Advertisement

The 4 reasons why the Rwanda Bill is being fought by Lords

The controversial Rwanda Bill has suffered setbacks in the House of Lords as peers went in favour of all ten votes on changes to the government’s plan.

Rishi Sunak’s flagship immigration bill would allow the UK to legally deport some asylum seekers to Rwanda, if they arrive via illegal routes.

The bill has suffered several setbacks before arriving in the House of Lords for its report stage, where peers are given the chance to make changes. Both the European Court of Human Rights (ECHR) and UK Supreme Court (UKSC) have stood against the plans in the past.

Westminster, where Lords will gather to vote on the Rwanda Bill (PA Wire)
Westminster, where Lords will gather to vote on the Rwanda Bill (PA Wire)

Labour leader Sir Keir Starmer has indicated that he would seek to dismantle the legislation if elected. Speaking last year he said: “It’s hugely expensive. It’s a tiny number of individuals who go to Rwanda. And the real problem is at source.”

Members of the House voted to make several amendments to the bill, many of which aim to ensure it is compliant with international and UK laws.

Despite the significant opposition in the Lords, the bill is still likely to pass its final stage in March. This could see Rwanda flights take off that very month, or possibly April.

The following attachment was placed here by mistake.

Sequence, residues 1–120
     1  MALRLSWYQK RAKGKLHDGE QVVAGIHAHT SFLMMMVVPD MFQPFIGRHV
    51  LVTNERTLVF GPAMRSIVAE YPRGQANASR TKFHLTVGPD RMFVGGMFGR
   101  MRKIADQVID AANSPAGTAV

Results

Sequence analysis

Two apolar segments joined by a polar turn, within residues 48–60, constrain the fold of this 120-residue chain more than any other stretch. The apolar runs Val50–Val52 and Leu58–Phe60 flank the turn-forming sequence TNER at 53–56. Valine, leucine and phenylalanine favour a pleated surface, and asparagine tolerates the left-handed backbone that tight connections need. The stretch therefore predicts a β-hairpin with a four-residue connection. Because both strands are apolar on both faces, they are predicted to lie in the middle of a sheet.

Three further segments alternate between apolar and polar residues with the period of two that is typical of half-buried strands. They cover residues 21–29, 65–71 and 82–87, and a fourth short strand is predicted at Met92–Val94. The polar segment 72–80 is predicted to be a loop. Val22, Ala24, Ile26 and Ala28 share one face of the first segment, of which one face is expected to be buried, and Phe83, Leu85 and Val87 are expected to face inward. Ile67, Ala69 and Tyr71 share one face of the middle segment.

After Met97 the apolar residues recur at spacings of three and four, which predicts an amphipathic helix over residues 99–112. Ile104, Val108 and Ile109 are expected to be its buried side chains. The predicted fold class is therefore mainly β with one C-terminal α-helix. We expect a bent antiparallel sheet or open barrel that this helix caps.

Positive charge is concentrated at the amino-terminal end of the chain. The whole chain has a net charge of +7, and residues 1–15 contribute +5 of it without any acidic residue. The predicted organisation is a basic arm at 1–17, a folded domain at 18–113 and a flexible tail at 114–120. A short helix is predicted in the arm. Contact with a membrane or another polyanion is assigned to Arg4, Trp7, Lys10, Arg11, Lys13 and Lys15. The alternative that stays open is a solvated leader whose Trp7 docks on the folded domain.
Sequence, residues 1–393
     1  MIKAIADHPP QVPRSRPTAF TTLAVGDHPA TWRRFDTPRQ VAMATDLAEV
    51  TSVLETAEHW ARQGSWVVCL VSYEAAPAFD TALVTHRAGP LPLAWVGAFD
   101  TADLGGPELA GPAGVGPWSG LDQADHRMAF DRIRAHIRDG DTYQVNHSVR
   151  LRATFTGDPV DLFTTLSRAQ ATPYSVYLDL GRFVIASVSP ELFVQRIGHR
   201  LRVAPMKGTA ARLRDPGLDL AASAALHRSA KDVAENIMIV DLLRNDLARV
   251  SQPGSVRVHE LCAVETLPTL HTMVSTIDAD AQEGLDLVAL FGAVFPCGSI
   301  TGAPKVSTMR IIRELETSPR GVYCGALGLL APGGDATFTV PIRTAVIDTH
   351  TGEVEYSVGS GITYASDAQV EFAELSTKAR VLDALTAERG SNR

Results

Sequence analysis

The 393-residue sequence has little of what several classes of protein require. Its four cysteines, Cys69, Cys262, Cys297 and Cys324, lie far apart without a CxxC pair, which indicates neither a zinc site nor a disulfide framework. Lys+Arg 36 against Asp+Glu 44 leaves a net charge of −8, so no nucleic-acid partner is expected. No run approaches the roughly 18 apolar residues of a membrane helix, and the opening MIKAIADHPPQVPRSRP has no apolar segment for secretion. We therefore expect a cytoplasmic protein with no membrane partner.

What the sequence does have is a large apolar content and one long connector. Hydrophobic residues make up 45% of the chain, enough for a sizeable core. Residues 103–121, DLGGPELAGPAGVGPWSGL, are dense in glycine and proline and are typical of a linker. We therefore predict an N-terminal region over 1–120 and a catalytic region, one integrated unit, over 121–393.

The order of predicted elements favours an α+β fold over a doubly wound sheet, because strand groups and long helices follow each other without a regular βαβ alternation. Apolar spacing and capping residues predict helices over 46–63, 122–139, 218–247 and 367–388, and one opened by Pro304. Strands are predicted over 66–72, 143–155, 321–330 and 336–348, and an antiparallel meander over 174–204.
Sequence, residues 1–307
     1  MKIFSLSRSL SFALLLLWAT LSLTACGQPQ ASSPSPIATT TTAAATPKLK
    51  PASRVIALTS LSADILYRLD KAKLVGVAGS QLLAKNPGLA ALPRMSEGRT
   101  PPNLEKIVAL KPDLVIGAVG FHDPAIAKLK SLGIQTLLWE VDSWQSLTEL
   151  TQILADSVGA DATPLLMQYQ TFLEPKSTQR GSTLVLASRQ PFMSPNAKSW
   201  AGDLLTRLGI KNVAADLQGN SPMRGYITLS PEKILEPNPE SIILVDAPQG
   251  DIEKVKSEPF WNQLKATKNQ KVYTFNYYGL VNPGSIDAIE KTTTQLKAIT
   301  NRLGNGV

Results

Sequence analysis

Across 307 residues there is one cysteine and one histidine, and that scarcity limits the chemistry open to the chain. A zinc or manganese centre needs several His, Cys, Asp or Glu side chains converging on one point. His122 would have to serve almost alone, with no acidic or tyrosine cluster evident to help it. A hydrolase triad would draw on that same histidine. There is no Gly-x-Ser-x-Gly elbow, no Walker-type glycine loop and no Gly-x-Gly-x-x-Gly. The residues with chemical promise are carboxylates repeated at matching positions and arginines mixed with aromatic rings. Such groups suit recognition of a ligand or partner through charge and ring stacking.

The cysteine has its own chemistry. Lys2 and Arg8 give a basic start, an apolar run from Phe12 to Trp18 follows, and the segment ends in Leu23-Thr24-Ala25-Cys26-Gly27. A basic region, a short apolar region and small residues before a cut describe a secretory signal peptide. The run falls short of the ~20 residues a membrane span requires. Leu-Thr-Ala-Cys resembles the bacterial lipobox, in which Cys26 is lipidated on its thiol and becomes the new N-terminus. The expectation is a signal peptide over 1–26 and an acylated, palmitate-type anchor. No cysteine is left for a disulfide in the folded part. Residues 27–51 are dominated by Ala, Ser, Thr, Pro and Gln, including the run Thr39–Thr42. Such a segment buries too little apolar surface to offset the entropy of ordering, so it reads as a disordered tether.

Here’s the four reasons why the Lords are pushing back against the Rwanda Bill:

It calls Rwanda a ‘safe country’ – despite the facts

In November 2023, the UKSC found that the government’s Rwanda plan was unlawful. This is because refugees deported to the country would be placed at severe risk of ‘refoulement’ – making it an unsafe country for them.

Refoulement is when a person is sent to a country where they would face risks to their life or severe ill-treatment, or are likely to be sent on to a country where they will face such conditions.

Following this ruling, Mr Sunak and home secretary James Cleverly signed a treaty with Rwanda in December 2023. The ‘Rwanda Treaty’ addresses the concerns of the UKSC, and was accompanied by emergency legislation – the Safety of Rwanda Bill – to speed up the government’s plans.

Rishi Sunak and Piers Morgan bet £1,000 on Rwanda flights leaving before next election (Piers Morgan Uncensored/TalkTV)
Rishi Sunak and Piers Morgan bet £1,000 on Rwanda flights leaving before next election (Piers Morgan Uncensored/TalkTV)

“The Bill says that the facts are not convenient so we will change them by legislation,” said Labour peer Lord Coaker. He notes that the Bill attempts to push through plans regardless of whether the Rwanda Treaty protections are met.

His amendment, voted in at 274-102, removed the words ‘[Rwanda] is a safe country’ from the bill and replaced them with ‘will be a safe country’ – only when arrangements in the Rwanda Treaty have been put into practice.

Further successful amendments enforce the need for a committee to continually monitor whether the treaty is being adhered to, as well as to revoke Rwanda’s status as a safe country in light of evidence to the contrary.